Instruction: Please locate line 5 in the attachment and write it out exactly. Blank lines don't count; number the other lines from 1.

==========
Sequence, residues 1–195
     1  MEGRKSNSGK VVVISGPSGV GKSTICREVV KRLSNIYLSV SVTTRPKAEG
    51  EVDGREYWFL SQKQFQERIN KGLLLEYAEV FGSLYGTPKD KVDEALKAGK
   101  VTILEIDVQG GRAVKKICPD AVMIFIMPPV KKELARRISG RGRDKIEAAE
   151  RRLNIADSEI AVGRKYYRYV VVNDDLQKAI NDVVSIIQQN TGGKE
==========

   151  RRLNIADSEI AVGRKYYRYV VVNDDLQKAI NDVVSIIQQN TGGKE